Burns in the Workplace

18 May Burns in the Workplace

Burns are a global public health problem, accounting for an estimated 265,000 deaths annually. In the United States, burn injuries are second only to motor vehicle accidents as the leading cause of accidental death in the United States. The majority of these burns occur in the home, but burns in the workplace account for a major proportion of all burns. Statistics from the Occupational Safety and Health Administration (OSHA) show that more than 5,000 burn injuries occur in the United States annually as a result of work-related fires and explosions. Burns in the workplace are a major social and economic threat to individuals, families, and the community as a whole.

The four types of workplace burns are as follows:

Thermal burns – these burns are called “scalding burns,” caused by the heat from liquids, hot objects, open flames, and explosions. The immediate objective with thermal burns is to contain and stop the burning process. Thermal burns can be prevented by wearing personal protective equipment, by having established emergency procedures in place related to fire detection and protection, and by using fire prevention tactics.

Chemical burns – Chemical burns occur when eyes or skin come into contact with any caustic materials that destroy or “burn” skin and deeper tissue. They commonly occur in the workplace following exposure to industrial cleansers, for chemicals used in laboratories or in the manufacturing process. Ensuring that all workers are well-trained, and receive ongoing training in Hazard Communication is the best way to prevent chemical burns. Workers must be able to assimilate, read, and understand, all symbols and labels that identify chemical risk.

Electrical Burns – Electrical burns emanate from electrical sources, high-voltage areas, and machinery.  In these kinds of burns, current travels through the body and meets resistance in tissue, resulting in heat burn injuries. Identifying live wires, avoiding contact with water while working with electricity, and wearing personal protective equipment, are all ways to prevent burns by electricity.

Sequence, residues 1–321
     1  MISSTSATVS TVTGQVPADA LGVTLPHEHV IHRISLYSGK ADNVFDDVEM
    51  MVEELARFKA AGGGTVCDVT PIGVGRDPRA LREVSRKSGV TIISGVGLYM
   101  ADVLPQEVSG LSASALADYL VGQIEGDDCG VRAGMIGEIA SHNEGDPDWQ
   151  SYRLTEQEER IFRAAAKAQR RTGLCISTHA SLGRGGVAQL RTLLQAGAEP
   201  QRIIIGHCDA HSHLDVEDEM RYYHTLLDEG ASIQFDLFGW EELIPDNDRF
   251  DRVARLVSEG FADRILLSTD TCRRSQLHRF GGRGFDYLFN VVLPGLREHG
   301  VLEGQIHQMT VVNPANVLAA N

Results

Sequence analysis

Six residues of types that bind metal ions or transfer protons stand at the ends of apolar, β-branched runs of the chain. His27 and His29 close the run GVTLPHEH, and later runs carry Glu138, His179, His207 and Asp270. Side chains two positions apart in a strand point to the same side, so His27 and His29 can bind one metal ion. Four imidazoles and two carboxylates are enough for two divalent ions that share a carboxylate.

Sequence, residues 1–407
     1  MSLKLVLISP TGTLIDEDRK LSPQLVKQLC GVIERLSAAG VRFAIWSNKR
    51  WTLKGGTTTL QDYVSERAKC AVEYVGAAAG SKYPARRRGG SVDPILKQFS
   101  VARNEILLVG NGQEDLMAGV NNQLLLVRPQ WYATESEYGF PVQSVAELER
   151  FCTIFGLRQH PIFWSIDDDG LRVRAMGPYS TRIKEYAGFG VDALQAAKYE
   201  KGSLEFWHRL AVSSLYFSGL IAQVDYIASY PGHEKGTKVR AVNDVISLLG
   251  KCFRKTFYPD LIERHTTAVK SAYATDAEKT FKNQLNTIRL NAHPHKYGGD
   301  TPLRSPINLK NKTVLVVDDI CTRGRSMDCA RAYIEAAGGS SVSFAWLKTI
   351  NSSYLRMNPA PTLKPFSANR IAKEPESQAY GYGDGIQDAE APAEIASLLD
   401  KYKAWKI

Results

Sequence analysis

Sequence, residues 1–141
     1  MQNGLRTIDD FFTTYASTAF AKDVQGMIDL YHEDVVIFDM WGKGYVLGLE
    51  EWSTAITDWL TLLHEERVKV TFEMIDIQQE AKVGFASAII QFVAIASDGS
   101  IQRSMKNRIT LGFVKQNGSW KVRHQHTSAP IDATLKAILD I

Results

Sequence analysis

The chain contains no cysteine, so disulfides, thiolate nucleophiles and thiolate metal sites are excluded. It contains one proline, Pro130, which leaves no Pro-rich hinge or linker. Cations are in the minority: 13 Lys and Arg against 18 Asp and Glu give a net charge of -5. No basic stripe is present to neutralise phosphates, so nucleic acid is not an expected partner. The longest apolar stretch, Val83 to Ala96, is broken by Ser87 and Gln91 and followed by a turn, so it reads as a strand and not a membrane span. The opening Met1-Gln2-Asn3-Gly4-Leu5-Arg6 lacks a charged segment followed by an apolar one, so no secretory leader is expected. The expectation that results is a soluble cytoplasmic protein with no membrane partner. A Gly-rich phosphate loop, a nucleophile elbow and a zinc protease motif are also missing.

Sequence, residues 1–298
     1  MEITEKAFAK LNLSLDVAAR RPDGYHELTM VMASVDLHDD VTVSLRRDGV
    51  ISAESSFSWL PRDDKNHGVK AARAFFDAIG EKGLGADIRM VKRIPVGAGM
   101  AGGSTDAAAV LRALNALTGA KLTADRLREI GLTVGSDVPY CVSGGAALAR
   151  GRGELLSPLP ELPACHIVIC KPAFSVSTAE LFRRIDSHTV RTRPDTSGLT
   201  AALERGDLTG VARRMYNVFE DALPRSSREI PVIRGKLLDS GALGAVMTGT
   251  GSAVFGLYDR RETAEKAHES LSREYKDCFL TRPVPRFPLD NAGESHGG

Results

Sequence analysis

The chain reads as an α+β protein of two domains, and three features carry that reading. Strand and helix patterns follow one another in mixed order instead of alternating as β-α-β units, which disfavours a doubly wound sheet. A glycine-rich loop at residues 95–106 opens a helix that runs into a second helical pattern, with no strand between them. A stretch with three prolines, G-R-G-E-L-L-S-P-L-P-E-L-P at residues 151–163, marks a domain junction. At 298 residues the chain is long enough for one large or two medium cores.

Sun Exposure Burns – Technically, these could be categorized as a thermal burn. Employees who work outside in the sun should be educated in sun safety practices that keep them safe. If feasible, hours worked outside during peak sun hours should be reduced, and extensive sun protective clothing should be worn at all times.

All of these kinds of workplace burns vary in severity. First degree burns affect the top layer of the skin called the epidermis. The burn area is painful, red, dry and without blister. These burns are considered superficial. One example of a first degree burn is a mild sunburn. Second degree burns go beneath the epidermis. Here the skin may be become very red and sore, and may blister. Third degree burns destroy both the top and second layer of skin, as well as tissue underneath. The most serious of all these burns are fourth degree burns where all layers of skin are affected, along with damage of underlying muscle, tendons and bones.

Under the OSHA law, which establishes and enforces protective workplace safety and health standards, employers have a responsibility to provide a safe workplace. If violations of industry standards and/or company safety plans do not maintain the safety of a worker, the employer could be at risk. This could lead to legal action by the injured person.

It is vital for the injured person to know that civil law exists to compensate an individual for injuries and losses which were caused by some other form of misconduct or failure to act. Persons who are injured in accidents and their families are often reluctant to contact an attorney because they believe the accident or injury was caused by the injured individual in some way. This may not be the case. Even if the injured individual is partially at fault, it is still possible that more than one person or entity may have contributed to the cause of the accident or injury and a substantial monetary recovery is still possible.

Burn survivors may endure unimaginable physical and emotional trauma with long-term consequences. Anyone who has sustained a serious burn injury should consult with an attorney experienced in this area of the law as soon as possible to determine whether a Personal Injury claim should be pursued. It is up to you, the burn survivor, to pursue your legal rights by choosing an attorney with all the qualifications, expertise, and a winning track record on behalf of burn survivors and their families.

For more information about injuries, please visit our website, www.burnsurvivor.com

To contact attorney Robert A Brenner directly call 800-669-7700 or email rbernner@brennerlaw.com

To learn more about attorney Robert A Brenner, please visit his website www.brennerlaw.com